Thursday, April 19, 2007

Birth Day

Good God, where to begin?

Baby L is ten days old, counting his birth day as day zero (as the hospital did) and we've been home since late last week.

I have barely had time to think, let alone blog or read other people's blogs. I'll make short statements about what's been going on.

1. The c-section birth went well. I walked confidently into the OR and asked if anyone ever walked out. "It'd be a miracle if anyone could walk out after the spinal/epidural," I was told. Getting a spinal/epidural injection in the back freaked me out in theory, but the reality was that I barely felt it going in, I did not know/see how long the needle was, and although I'd been warned about "the worst headache of your life" if the spinal didn't go well, that was thankfully not my issue. My legs and lower body felt really numb, really fast. So fast, that I felt like perhaps I was having a low blood sugar during the section, but I'd brought my meter into the operating room, had Mr. L. help me test, and I was 116, up from a steady 87-95 range all morning as we waited to be admitted to the OR.

2. Felt nauseous twice during the c-section, and both times the anesthesiologist waved an alcohol swab under my nose, which took the feeling away. The second time I felt like I would throw up, I asked "Can I get more alcohol over here?" My OB laughed (from the other side of the sheet that was held up by my chest so I didn't have to watch my own c-section occur) and said that was the first time she'd heard a patient ask for alcohol during a section.

3. Mr. L was in scrubs at my side during the whole thing, and brought a camera into the OR. I could feel pushing and pressing on my lower half during the section, and smelled something being cauterized, but when a nurse asked if I wanted to know what was being pushed, pulled, or cauterized during the procedure, I declined. Not typical for me, but I didn't need that much detail right then. However, the OB announced that I had "beautiful Fallopian tubes."

4. At one point, the OB yelled out "I see a head!" and I asked "Then why don't I hear any crying?" Within moments, we heard Baby L crying out loud. Healthy lungs, he has.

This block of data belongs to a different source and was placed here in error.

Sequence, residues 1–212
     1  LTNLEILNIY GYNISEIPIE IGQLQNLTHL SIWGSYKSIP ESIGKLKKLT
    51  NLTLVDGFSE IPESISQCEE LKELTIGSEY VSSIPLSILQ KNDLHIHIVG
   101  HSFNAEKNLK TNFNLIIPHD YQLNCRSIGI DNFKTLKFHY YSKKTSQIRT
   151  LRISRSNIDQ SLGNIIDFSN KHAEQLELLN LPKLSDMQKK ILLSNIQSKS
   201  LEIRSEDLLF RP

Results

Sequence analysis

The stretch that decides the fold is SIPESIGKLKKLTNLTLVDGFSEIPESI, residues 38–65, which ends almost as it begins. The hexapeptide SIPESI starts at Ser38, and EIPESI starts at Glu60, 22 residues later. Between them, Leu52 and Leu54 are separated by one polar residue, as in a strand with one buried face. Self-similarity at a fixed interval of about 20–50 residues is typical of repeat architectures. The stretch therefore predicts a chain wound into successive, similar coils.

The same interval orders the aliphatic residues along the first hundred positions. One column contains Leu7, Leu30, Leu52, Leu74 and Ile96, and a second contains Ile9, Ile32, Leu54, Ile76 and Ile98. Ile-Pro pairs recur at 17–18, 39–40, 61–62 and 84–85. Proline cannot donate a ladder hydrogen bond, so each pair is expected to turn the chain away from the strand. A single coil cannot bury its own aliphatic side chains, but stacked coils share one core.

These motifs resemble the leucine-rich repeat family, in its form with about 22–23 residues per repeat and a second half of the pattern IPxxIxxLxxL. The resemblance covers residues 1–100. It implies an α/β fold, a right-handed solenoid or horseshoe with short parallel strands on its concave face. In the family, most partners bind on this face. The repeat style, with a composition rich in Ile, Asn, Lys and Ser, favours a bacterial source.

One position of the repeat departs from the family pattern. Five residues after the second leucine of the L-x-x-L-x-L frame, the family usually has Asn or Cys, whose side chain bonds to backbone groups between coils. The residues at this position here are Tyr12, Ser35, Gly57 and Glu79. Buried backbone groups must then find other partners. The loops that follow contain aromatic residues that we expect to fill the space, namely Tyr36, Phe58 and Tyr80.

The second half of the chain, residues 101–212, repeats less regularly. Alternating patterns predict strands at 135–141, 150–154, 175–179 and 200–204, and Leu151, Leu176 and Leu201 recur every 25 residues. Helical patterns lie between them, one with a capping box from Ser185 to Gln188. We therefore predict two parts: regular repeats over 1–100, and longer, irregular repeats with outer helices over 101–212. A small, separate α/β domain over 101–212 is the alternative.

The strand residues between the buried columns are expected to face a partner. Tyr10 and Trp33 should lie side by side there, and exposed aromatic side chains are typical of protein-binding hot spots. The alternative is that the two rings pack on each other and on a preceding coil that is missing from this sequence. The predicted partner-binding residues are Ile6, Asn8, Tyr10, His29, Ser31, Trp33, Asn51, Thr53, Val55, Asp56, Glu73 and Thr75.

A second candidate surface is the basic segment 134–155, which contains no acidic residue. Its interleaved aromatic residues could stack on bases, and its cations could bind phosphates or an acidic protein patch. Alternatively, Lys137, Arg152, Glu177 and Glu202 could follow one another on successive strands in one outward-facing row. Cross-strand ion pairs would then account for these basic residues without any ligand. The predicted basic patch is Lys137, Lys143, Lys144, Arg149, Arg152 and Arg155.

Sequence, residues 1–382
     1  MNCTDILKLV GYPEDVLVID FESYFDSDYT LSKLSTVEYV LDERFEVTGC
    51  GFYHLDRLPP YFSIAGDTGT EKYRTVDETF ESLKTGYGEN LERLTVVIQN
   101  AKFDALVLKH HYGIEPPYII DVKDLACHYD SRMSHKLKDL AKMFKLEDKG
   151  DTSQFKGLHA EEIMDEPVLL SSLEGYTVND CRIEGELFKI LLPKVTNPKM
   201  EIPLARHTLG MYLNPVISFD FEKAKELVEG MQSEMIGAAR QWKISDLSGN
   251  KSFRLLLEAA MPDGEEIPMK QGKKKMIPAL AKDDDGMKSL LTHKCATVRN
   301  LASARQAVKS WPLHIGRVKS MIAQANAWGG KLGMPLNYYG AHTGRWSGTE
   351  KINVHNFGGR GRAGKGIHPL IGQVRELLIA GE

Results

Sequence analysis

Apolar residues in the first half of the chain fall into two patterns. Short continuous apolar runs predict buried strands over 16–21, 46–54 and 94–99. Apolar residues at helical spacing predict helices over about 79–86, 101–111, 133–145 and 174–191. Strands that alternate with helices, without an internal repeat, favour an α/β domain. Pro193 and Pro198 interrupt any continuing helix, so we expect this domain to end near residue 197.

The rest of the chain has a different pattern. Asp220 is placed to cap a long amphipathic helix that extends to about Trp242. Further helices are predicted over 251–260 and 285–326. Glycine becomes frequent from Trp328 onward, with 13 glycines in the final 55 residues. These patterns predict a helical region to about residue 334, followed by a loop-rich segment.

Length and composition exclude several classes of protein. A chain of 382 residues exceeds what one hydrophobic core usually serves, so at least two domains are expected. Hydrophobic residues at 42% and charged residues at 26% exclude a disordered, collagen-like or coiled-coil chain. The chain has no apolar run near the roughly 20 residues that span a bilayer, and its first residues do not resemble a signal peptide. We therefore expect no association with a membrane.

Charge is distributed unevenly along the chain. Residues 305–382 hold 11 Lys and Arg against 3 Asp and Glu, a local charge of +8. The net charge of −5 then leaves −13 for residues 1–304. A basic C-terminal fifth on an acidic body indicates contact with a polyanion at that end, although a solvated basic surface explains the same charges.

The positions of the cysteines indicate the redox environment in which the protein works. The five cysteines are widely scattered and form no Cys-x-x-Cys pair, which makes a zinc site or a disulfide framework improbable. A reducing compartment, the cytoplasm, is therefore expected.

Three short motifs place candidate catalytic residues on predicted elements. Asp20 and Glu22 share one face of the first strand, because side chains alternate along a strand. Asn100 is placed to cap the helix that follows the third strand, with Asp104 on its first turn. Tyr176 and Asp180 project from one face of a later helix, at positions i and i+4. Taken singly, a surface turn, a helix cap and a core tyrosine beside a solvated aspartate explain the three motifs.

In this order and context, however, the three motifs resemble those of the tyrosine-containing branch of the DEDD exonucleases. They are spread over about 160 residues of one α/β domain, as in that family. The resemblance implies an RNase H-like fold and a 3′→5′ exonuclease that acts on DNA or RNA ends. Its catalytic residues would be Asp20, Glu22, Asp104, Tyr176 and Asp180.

5. Someone held the baby up and showed the Mr. and I, but we'd requested that the baby be cleaned off before being handed over to Mr. L. The baby was weighed and measured, and given Apgar scores of 8 and 9. This made me proud. My boy did well on his Apgars! He's going to totally rock his SATs. You just watch.

6. Mr. L. held the baby and I took pictures as the OB reconstructed my nether regions ("We're putting the uterus back where it belongs!"). Near the end, two people in the OR (there were something like six or seven people in the room during the section) rolled me around and onto the bed that wheeled me out of the OR. Still felt numbness in my legs, but otherwise, I felt fine and lucid and good.

7. Looking at the baby, I saw immediately that he has my chin, big lips (that kid is going to be a great maker-outer, I said) and other characteristics that made me realize he looks a lot like me. I stopped worrying about whether I'd been carrying the wrong embryo post-IVF transfer at that point.

7. I don't want to say having a c-section was a piece of cake, but with morphine, torredol, two IVs and plenty of percoset and motrin afterwards, this procedure went (knock wood) fine for me. Having had a more extensive abodominal operation in the past gives me something to compare it to, and believe me, the section went very well.

8. In the recovery room, I called my mother from the bed as Mr. L called his mother and sister (all of whom were waiting in the hospital's lobby) and we simultaneously told our family about our newest arrival. My mother couldn't believe I was calling immediately after the section and started crying. She was very relieved that both the baby and I were doing just fine.